Hi Greg!
> Erik Mooney wrote:
> > 3/25/2002 9:18:01 AM, cybergoth@xxxxxxxx wrote:
> > Careful here - Classic sorting algorithms are usually defined as
> > speed being the number of swaps required. In tightly timed
> > 6502 assembly language, the comparisons and looping take a
> > quite significant amount of time already. In the example
> > of 7, 1, 2, 3, 4, 5, 6, you require n^2 comparisons (actually
> > (n-1)^2) to get the 7 to the end of the list.
> Actually, the classic bubble sort implementation requires 6 comparisons
> to get the 7 into the proper place, then one more pass to notice that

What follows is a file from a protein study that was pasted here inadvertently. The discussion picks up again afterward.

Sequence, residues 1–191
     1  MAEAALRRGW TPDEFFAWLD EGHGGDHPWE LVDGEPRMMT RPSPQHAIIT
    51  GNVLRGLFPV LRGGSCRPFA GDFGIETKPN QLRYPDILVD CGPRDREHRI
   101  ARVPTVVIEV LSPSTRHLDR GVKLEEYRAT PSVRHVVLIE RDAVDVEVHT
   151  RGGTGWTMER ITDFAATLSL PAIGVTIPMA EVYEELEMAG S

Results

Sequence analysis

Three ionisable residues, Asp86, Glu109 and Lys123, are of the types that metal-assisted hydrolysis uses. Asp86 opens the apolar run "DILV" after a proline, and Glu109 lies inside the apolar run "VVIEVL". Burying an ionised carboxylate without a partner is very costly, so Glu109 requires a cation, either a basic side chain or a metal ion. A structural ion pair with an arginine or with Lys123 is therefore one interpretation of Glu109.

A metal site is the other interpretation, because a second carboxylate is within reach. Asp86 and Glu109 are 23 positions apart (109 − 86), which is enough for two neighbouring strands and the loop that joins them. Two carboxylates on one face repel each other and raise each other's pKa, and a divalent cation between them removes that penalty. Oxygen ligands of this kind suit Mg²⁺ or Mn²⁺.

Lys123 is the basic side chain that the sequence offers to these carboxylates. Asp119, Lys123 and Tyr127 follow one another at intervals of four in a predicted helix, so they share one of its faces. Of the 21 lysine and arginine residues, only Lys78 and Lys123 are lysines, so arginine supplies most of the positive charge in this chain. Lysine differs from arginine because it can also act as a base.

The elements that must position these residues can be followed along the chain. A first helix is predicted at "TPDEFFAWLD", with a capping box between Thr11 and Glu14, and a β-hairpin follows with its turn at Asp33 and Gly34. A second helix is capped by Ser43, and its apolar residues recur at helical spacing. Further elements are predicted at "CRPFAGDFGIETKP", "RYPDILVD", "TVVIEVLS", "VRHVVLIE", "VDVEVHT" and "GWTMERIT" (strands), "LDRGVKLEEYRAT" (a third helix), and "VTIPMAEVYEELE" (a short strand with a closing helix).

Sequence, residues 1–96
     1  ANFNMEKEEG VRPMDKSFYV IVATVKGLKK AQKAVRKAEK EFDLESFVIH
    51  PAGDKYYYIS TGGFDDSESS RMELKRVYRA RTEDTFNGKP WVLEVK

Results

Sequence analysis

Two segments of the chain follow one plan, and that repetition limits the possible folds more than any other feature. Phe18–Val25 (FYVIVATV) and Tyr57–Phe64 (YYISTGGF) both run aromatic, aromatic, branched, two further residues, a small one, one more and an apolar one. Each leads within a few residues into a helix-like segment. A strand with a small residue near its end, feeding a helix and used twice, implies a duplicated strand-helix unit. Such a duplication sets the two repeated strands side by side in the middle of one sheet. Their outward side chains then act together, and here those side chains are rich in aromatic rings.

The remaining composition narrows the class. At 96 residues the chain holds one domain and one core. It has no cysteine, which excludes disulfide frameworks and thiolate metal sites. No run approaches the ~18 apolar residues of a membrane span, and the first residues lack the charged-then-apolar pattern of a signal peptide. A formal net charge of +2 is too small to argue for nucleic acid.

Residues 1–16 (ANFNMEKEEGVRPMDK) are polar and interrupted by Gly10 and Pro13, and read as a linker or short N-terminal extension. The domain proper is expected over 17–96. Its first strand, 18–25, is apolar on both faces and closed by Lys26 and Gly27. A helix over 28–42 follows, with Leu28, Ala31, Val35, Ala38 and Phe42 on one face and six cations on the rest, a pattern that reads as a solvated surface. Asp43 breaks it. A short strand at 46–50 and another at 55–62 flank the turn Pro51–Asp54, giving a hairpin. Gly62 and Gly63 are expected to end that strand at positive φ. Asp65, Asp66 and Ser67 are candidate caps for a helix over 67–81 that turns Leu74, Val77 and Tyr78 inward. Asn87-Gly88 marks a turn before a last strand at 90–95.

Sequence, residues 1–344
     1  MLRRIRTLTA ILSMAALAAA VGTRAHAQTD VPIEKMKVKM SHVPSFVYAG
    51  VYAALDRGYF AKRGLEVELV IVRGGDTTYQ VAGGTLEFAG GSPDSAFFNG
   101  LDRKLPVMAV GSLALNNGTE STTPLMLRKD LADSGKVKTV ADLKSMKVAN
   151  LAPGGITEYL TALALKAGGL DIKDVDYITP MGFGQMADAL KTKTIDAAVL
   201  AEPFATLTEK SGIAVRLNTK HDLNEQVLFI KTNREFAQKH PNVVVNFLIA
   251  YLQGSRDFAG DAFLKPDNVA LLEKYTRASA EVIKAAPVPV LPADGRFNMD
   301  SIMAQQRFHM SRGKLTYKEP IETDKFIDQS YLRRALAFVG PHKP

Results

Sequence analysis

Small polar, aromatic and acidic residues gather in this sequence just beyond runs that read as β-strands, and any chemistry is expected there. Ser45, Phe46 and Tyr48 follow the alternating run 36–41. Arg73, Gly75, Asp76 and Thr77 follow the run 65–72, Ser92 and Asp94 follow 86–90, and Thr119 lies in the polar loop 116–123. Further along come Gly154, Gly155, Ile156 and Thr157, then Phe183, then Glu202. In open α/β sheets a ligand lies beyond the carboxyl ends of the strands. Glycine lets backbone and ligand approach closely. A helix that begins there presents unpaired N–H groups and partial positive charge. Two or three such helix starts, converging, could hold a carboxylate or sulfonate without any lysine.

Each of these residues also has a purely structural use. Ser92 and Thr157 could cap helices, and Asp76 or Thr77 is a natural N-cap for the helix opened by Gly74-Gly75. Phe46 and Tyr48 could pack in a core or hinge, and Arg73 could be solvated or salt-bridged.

> the data is now in sorted order. You compare 7 to 1 and swap it, then 7
> to 2, then 7 to 3, etc.
Well, that depends on the sort order. Since Thomas rversed it
somewhere at the beginning of the Thread, this was my example
for a worst case. Now you sort again the other way round, so the
worst case (which is what we were talking about) would now be
inserting a zero at the end :-)
Greetings,
Manuel
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